Eastern Frieslands. Departing Telfzijl, last port of call in Holland, and then north to the German Bight & Eastern Frieslands. Although the weather was “calm,” 2-3m waves and 20 knot winds moved against us, enough to ring the cabin bell.
Nearing Nordernay from the north – Germany’s oldest spa – the waves crash over shallow sandbars. All of the Ostfriesland (Oostfreesland) is shallow and shifting, depths of only 1 meter for 10km off the shore, then trenched 20 meter deepwater channels just beyond the beach.
“What do East Frieslanders do when the tide goes out?”
“They sell land to the Austrians.”
Coming south by a yellow buoy, the boat froze. I watched sonar maps gradually declining. 5 meters under the keel. 4. 3. 2. At one meter, everything sludged. Now we were surfing on the incoming waves, and while I was sure we had grounded, Andre said no.
A rooted boat is no place to be when the wind shifts and the waves are rolling on you. We took 4 or 5 hits direct in the stern. The dinghy launched into the air and crashed down on its metal support arms. One of them bent, and all the ropes snapped. A single line held it in place. Water coated the wheelhouse. The stern cracked and spiderwebbed when the support broke and the dinghy slammed against it.
Thrown into reverse, spun about, two waves into the side and we lolled far enough I thought we’d roll. Andre spun the wheel, expertly managed the throttle, and now we tipped and bowed and ride straight into the rush, churning a rickety path out, out to sea.
So we took the long way round a dredged channel, confidence shaken. Half a click from the northern beach, 17m of swift blue beneath us screamed.
My hands were still shaking when standing in the checkout line, just behind two German women dressed as Amish, inspecting their cherry tomatoes and smiling.
Laboe. 15 km north of Kiel. Soft, windy and rainy passage over the isles and past Cuxhaven, where merchant sailors can wait for weeks for the wind. Glassy and misty horizons for us, a ten hour tidal current sweeping us into the Elbe. A swift wake from a container ship to Boston proved the greatest challenge along the route.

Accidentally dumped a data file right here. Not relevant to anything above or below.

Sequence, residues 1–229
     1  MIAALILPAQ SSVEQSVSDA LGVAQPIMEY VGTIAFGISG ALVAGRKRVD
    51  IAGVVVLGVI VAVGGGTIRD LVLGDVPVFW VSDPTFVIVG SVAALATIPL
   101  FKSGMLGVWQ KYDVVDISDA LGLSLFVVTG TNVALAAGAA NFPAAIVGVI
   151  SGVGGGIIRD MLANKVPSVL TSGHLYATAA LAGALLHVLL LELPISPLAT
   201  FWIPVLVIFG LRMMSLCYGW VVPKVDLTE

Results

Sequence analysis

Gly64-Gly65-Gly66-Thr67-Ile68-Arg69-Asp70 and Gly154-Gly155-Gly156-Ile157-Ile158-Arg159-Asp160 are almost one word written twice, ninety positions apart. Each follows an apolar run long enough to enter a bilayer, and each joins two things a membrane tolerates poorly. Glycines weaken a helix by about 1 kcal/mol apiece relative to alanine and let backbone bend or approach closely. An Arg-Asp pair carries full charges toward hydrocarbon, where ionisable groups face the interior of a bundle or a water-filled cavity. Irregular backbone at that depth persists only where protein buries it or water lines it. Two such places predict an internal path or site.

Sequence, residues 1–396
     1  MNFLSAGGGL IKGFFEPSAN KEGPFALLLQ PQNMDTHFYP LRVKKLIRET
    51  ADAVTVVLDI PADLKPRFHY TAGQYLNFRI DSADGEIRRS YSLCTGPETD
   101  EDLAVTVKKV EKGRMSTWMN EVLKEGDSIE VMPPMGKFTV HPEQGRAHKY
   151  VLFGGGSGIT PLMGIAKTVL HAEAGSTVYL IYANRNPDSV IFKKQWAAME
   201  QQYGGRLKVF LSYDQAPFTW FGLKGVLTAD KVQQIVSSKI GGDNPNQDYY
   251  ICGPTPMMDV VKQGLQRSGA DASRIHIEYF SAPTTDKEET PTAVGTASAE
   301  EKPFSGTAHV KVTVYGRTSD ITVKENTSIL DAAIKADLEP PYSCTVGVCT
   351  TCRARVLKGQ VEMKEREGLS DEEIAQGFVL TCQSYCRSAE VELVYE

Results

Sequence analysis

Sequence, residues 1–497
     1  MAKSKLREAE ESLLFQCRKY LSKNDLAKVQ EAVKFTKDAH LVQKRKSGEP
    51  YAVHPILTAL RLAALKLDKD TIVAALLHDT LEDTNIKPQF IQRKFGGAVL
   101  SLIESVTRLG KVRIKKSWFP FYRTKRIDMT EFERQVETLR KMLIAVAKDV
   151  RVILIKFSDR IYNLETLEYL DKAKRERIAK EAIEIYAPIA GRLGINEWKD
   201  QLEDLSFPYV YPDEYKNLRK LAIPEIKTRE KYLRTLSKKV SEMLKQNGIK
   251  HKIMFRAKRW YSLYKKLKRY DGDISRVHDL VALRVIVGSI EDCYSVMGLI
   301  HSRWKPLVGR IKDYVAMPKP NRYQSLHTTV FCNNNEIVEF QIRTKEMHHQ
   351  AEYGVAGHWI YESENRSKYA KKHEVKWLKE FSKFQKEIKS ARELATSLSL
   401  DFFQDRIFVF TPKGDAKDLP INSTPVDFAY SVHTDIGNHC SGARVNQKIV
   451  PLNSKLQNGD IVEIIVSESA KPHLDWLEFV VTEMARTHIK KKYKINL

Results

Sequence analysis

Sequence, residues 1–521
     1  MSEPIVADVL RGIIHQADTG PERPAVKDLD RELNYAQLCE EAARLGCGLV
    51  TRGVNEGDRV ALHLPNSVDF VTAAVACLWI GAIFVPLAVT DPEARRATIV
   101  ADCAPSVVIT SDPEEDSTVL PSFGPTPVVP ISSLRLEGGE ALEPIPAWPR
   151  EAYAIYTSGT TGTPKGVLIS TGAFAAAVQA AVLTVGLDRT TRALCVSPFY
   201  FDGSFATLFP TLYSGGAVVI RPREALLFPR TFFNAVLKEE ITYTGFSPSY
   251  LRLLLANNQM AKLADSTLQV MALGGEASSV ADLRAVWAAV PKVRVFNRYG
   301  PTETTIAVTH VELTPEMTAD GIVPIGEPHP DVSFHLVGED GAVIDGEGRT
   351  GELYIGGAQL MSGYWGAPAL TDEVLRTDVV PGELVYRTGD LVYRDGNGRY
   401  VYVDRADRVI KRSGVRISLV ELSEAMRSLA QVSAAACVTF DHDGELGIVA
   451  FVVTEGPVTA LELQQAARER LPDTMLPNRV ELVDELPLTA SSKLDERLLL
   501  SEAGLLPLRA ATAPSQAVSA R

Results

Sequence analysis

Early to bed and rising with the foghorn on a Jamaican tanker, still thinking about the cute police officer who inspected our passports. She had elvish eyes and Irish hair, and her doughy partner wanted to know everything about Trump.
Kaiser Wilhelm read Alfred Thayer Mahan’s The Influence of Sea Power Upon History, 1660 – 1783 and dug a pristine canal. Lined with simple spruce, a long pathway, immensely tall bridges flying far overhead, some cows, many ferries.
Curled into Laboe by 5pm. Luckly with locks, that day, even the floating pontoons and uncrowded by vacationers. A catamaran from Las Vegas nearly rammed us when their thrusters broke, so only Americans threatened our journey.
“Laboe” is from an earlier language (probably Indo-European), meaning “swan.”
The marina, the entire fjord, is dominated by sailboats. On the brink of the Baltic.
Murders of crows (by family unit?) caw at one another on a narrow strip of muscle-shelled sandy beach, past shallows that stretch for miles, clear and briny water, sharp, distinct, smooth. Seaweed shreds and busy insects are the battleground. Some swans, the ducks, sparrows, bats, screaming gulls and the noisy crows. None are louder.
By the haven the food trucks assemble, and Saturday shore strollers, cyclists, naked babies & half-naked everythings. They walk until you can barely seem them, still standing in the sea, shouting distance of the cruise liners to Oslo and Stockholm. Tourists wave at them from 6 storeys in the air. A Maersk might crush their heads, the way the gulls drop their mussels onto the pier.
A wedding party passes the smokers, the fat and burned burghers, the nervous boys holding hands with the girls in bikinis, the shifting youth packs, the watchful parents and plastic buckets, the U-boat visitors, the ice cream eaters, the wicker bound, the paddleballers, incongruous loafers shuffle soft swooshes and barely lapping water over miniature stones. A corset, a sash, a headdress, a cigarette, a camera.